Recently, CVE-2014-3704 was in the news. This vulnerability allows attackers to execute SQLi without the need of being logged in. However, I've looked to the available exploits, and I found only exploits that make use of the login form. Does this mean that when the access to the log in field is restricted (IP white list), there is no risk (as long as they cannot access the log in form? Or is it possible to exploit this on a different Drupal component as well?

Some share of thoughts would be appreciated!

3 Answers 3


According to the Drupal advisory:

This vulnerability can be exploited by anonymous users.

According to this answer:

I can confirm, that this vulnerability will work with every Drupal 7.31 and lower site, doesn't matter which modules are active. Every drupal form could be used to exploit this vulnerability.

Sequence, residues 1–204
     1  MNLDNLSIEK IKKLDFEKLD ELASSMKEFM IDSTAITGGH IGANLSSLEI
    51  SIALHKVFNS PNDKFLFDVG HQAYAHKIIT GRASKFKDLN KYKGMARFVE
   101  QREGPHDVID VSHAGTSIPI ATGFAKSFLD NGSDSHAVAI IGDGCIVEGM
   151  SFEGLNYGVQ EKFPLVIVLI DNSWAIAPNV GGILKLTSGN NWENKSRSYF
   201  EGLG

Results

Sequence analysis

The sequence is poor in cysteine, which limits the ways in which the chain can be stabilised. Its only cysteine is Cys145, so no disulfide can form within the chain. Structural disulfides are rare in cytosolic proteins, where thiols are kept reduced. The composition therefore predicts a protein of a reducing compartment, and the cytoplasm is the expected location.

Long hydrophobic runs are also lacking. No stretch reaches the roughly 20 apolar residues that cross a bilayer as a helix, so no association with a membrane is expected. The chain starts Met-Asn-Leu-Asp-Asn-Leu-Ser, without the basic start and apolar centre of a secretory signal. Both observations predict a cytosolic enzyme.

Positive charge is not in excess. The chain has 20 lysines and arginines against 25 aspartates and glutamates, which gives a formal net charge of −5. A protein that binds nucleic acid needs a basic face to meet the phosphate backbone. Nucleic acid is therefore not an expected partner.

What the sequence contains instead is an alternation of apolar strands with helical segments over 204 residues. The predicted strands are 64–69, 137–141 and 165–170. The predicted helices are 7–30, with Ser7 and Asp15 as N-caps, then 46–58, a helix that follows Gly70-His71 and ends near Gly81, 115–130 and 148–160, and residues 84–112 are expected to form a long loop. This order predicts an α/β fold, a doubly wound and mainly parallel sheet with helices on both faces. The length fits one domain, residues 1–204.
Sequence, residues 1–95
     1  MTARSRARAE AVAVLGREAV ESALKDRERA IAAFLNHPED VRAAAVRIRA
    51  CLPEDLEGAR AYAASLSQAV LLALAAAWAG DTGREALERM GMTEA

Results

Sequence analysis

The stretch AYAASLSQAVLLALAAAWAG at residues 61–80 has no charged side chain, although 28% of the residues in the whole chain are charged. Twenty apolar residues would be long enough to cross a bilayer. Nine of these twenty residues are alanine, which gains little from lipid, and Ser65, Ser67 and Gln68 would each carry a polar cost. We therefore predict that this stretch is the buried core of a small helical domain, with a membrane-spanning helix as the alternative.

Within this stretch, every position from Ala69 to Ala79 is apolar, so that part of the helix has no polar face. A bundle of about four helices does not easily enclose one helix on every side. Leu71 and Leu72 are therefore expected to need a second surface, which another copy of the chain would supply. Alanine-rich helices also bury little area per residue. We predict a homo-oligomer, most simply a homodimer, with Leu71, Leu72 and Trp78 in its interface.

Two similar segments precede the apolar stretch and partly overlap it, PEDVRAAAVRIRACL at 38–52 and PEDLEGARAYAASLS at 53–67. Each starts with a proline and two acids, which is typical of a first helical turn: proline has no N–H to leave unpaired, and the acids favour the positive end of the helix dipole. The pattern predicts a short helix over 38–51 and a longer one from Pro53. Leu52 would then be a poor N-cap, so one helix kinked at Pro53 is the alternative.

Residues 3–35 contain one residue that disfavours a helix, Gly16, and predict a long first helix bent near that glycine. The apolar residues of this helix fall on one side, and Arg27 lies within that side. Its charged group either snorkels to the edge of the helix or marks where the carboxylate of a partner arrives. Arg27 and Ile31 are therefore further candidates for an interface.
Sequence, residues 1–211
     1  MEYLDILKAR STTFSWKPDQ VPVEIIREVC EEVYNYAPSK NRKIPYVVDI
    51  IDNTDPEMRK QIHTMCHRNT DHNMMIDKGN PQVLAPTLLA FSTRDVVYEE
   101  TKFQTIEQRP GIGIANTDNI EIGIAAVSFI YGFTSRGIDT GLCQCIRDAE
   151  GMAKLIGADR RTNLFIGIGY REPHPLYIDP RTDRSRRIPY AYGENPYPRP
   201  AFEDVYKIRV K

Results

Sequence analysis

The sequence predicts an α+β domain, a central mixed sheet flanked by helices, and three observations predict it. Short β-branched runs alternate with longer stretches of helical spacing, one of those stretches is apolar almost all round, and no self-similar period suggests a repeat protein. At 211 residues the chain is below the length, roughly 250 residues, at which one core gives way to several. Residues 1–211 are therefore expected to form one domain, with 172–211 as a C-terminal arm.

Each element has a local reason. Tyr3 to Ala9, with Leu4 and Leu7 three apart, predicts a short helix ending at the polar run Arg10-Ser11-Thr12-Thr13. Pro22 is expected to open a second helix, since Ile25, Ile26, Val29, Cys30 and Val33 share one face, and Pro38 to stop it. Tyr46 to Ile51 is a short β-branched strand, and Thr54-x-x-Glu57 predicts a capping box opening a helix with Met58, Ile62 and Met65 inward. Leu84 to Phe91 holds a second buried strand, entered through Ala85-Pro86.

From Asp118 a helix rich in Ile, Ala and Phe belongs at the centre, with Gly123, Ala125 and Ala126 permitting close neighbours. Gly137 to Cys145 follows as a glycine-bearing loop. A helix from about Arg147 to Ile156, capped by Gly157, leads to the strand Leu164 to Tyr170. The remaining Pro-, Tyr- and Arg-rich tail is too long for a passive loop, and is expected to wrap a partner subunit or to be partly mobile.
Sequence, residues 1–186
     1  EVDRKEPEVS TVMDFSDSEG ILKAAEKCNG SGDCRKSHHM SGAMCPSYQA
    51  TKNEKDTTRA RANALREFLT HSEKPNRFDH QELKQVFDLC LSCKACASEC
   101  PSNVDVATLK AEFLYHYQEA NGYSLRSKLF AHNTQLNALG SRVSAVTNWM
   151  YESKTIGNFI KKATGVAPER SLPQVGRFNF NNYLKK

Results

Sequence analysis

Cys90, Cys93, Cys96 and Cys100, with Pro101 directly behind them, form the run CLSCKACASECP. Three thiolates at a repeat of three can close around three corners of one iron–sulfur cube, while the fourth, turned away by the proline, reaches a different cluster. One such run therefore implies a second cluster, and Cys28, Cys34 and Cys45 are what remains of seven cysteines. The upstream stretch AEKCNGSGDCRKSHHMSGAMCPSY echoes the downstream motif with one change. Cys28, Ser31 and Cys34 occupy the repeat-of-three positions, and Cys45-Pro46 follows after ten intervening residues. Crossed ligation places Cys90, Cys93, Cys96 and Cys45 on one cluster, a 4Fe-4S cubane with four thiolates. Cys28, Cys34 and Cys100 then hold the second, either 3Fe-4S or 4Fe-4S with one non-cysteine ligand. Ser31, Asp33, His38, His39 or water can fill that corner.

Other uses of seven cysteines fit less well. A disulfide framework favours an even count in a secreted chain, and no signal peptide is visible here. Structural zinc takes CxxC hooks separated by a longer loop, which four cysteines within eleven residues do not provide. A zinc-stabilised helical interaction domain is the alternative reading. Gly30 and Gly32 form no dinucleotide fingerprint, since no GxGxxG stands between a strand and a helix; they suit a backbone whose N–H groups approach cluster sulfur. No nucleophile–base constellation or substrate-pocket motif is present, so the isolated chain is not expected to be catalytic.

• Thank you for your answer. How would someone exploit this without access to the login form?
    – f4der
    Nov 4, 2014 at 14:12
  • @f4der: This depends on how you are blocking access? Where is your IP whitelist setup? Nov 4, 2014 at 16:12

All you need access to is any page on the site.

There is a blog post of some advanced proof-of-concept code from the person who originally found the vulnerability. These proofes of concept show:

  • Using the cookie contents to get a session for an arbitrary user.
  • Using the form api in a cookie to execute arbitrary php (while leaving no traces in the logs)

I haven't tested these myself, but have a high degree of confidence they would work.


The SQL injection required a Drupal form. The login form is ubiquitous. It's placed on the Drupal site by default, so it's most likely to show up in targets.

If there was another form on the website, it could be used for the attack as well.

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